The first set of scandals engulfed Tony Bennett, the former Indiana school superintendent and much-vaunted poster boy for the privatization push. After voters in that state responded to his radical agenda by throwing him out of office, he was quickly hired to lead Florida’s education system. At the same time, his wife not-so-coincidentally landed a gig with the Florida-based Charter Schools USA, a for-profit company that not only has an obvious interest in Bennett privatizing Florida schools, but that also was previously awarded lucrative contracts by Bennett in Indiana.
Grotesque as it is to shroud such self-enriching graft in the veneer of helping children, the self-dealing controversy wasn’t Bennett’s most revealing scandal. That distinction goes to recent news that Bennett changed the grades of privately run charter schools on behalf of his financial backers. Indeed, as the Associated Press reported, “When it appeared an Indianapolis charter school run by a prominent Republican donor might receive a poor grade, Bennett’s education team frantically overhauled his signature ‘A-F’ school grading system to improve the school’s marks.” Yet, the Associated Press also reported that just a year before, Bennett “declined to give two Indianapolis public schools (the) same flexibility.”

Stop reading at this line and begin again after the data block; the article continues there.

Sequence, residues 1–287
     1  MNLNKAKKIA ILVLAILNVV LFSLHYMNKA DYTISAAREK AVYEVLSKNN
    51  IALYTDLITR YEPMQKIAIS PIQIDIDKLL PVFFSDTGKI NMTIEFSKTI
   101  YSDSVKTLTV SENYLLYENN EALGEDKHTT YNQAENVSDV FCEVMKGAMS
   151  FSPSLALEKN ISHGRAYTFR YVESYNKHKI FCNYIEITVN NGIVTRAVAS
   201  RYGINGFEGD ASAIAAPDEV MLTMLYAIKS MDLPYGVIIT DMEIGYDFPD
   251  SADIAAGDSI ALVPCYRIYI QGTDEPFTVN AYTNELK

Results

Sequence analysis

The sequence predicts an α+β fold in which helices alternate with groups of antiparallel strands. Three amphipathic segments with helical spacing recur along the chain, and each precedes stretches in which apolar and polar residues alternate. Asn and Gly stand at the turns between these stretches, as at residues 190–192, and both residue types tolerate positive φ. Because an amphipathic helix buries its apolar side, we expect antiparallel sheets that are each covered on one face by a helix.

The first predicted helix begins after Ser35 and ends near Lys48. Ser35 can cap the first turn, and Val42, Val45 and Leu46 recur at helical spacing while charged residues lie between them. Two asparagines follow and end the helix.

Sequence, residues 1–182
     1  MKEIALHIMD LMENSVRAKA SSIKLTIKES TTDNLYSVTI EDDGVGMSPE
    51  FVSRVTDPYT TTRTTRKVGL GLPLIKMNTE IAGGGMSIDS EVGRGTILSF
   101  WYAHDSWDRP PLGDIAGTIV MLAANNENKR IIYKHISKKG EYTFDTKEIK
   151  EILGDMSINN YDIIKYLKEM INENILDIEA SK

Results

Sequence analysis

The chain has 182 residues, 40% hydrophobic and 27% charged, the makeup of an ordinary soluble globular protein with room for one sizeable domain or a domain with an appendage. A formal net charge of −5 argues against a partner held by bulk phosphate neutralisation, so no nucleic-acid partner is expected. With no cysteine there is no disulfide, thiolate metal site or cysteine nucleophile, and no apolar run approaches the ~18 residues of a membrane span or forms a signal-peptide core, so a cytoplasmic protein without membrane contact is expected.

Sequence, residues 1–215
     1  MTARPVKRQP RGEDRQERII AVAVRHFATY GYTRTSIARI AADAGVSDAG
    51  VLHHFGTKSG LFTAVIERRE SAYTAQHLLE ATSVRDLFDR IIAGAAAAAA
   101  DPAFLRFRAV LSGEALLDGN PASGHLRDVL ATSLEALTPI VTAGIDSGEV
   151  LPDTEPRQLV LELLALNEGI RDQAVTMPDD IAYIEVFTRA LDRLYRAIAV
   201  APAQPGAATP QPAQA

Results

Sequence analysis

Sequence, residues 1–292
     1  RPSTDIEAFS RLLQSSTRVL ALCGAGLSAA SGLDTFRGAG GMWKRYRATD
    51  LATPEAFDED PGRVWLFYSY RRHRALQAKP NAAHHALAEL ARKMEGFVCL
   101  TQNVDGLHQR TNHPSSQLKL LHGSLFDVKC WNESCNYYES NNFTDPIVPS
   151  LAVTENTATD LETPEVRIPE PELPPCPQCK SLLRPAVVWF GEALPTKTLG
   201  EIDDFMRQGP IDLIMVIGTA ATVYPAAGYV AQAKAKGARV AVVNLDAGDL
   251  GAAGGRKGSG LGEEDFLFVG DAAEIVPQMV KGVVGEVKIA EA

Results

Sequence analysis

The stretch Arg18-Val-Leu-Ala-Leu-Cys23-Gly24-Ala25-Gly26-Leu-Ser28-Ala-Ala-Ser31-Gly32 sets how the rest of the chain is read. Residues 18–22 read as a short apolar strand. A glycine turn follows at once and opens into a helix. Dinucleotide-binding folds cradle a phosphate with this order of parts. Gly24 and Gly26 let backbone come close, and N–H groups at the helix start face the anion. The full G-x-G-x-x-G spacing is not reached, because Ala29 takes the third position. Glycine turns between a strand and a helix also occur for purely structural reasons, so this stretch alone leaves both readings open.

In response, the American Federation of Teachers is asking Indiana to release emails between Bennett and the education foundation run by former Gov. Jeb Bush, R-Fla., another prominent face of the “reform” movement. The union is requesting this correspondence because of another scandal, this one publicized by the Washington Post.